March 8 – April 2, 2011
Vivienne Westwood, 1980-89 examined Vivienne Westwood's transformation from street provocateur to high-end fashion designer during the 1980s. Westwood began the decade outside the mainstream, as a designer of subcultural style, but as her work evolved so did her level of press coverage and the breadth of her clientele. By 1989, she was a celebrated vanguard in the fashion world. The magnitude of her remarkable rise was confirmed when she was named British Designer of the Year in both 1990 and 1991.
The exhibition featured garments drawn exclusively from the Museum at FIT's permanent collection, as well as complementary photographs, magazines, and videos. Several looks from Westwood's early years were shown, including an ensemble from the influential Pirate collection of 1981. The slouchy, 18th-century inspired Pirate clothes could be worn by both men and women, and were a perfect fit for the post-punk aesthetic of the New Romantics. Westwood's witty clothes in the early 1980s were produced in collaboration with her partner at the time, artist and music manager Malcolm McLaren. Their work was closely tied to the music scene, and the designs were worn by club kids and bands on MTV.
In 1984, Westwood and McLaren ended their partnership, and Westwood unveiled her first solo collection in 1985. Her designs for the latter half of the decade revealed a clear aesthetic shift to a more structured and feminine approach. As seen in the exhibition, a tartan and tweed ensemble from the Time Machine collection (Fall/Winter 1988-89) modernizes the aesthetic of traditional British dress: the fabrics are conventional, but the cuts are innovative and contemporary. Westwood again puts a spin on historical style with her corset and pannier skirt (also from Time Machine) which showcase her ability to update historical shapes for a fashion-conscious audience. According to Museum at FIT director Dr. Valerie Steele, the revival of the corset was perhaps the most important of Westwood's innovations.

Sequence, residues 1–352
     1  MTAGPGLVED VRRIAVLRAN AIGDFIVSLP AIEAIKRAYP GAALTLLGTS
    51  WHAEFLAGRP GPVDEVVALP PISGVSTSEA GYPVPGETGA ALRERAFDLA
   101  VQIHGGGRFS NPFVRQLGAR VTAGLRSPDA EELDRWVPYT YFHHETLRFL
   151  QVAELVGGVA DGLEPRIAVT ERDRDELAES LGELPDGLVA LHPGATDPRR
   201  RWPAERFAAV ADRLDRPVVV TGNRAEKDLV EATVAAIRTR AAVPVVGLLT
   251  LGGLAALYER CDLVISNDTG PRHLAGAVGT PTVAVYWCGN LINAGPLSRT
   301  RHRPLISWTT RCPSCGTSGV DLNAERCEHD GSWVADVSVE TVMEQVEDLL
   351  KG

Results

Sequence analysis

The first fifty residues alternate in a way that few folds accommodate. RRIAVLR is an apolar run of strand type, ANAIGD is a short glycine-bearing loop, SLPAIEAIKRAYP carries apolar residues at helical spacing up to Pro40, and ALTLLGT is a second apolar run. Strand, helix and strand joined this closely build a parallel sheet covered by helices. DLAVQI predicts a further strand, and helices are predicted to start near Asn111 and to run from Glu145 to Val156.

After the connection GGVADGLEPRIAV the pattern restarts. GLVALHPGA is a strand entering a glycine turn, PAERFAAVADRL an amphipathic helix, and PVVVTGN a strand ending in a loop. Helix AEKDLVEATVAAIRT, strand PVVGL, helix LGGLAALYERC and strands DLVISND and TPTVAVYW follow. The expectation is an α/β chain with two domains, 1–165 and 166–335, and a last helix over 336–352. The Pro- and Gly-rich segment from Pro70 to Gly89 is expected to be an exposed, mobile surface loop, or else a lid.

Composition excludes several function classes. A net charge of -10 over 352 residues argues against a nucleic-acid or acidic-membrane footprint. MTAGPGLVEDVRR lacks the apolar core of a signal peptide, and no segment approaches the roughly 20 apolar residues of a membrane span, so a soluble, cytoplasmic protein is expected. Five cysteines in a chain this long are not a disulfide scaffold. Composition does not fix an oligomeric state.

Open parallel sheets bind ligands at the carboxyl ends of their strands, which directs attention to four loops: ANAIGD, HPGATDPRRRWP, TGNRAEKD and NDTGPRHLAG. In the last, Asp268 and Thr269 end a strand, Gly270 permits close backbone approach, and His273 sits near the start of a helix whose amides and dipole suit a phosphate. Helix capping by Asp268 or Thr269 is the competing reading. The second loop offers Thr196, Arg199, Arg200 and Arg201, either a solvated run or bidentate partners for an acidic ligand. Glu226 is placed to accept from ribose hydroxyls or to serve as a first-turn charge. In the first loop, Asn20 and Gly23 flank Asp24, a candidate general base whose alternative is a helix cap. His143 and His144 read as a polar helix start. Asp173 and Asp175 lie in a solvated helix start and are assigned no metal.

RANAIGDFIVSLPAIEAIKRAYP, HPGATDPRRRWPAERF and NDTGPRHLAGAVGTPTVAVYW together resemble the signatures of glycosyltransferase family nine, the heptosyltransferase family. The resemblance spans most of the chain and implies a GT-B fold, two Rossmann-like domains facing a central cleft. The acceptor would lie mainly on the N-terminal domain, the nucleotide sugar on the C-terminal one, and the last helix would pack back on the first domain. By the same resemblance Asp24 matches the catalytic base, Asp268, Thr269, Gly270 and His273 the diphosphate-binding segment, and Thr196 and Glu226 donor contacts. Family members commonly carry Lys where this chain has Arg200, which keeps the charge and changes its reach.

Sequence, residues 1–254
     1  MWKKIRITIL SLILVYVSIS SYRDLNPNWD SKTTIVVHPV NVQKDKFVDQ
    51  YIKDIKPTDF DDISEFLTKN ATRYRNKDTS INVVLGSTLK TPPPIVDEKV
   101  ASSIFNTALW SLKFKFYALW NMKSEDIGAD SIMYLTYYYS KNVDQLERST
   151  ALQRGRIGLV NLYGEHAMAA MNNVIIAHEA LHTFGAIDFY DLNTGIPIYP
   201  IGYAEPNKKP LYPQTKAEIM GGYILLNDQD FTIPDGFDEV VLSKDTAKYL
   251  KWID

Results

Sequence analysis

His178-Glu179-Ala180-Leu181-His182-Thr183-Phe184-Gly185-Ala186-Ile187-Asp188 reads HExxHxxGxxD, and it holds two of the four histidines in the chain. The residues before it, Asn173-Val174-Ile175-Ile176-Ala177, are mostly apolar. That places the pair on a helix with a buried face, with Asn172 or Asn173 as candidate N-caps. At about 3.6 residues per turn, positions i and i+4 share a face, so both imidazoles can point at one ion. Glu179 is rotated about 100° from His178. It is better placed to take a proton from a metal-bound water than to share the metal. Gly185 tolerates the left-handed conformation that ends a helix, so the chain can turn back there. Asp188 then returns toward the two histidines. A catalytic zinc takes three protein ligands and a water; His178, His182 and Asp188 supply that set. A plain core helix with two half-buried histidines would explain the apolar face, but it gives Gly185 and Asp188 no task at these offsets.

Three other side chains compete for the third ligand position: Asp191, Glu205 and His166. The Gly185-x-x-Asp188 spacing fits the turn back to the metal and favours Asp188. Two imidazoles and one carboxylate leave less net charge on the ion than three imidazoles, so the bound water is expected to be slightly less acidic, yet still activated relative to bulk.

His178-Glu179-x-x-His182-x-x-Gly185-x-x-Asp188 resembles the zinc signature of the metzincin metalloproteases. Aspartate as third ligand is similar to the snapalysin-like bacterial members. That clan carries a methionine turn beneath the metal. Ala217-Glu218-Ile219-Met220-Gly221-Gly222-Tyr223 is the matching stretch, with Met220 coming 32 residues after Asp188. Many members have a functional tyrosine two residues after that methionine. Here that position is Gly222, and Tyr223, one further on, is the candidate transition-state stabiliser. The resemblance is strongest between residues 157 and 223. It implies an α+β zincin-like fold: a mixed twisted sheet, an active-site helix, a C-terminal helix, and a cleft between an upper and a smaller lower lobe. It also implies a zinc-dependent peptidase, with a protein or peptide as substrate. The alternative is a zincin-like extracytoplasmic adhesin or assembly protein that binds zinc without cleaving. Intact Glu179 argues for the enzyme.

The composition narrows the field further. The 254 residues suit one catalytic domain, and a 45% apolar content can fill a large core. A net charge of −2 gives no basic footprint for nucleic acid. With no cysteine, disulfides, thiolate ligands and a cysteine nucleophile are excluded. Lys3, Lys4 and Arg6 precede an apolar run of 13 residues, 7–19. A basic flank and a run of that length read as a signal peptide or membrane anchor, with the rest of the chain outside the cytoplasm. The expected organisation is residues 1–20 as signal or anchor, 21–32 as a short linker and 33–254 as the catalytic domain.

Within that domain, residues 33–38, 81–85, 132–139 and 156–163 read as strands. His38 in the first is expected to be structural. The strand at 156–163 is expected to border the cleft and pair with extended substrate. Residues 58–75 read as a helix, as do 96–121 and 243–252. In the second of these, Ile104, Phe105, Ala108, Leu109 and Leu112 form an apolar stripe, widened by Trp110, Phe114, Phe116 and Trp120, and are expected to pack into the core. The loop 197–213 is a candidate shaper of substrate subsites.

The exhibition concluded with a never-before-exhibited menswear ensemble from the Civilizade collection (Spring/Summer 1989). This bi-colored knit ensemble, with articulated elbow- and kneepads, combined Westwood's interest in medieval heraldry with padding that is usually associated with skateboarding. The outfit underscores Westwood's ability to unite historical costume, street culture, and mainstream fashion elements that continue to be relevant to her work today.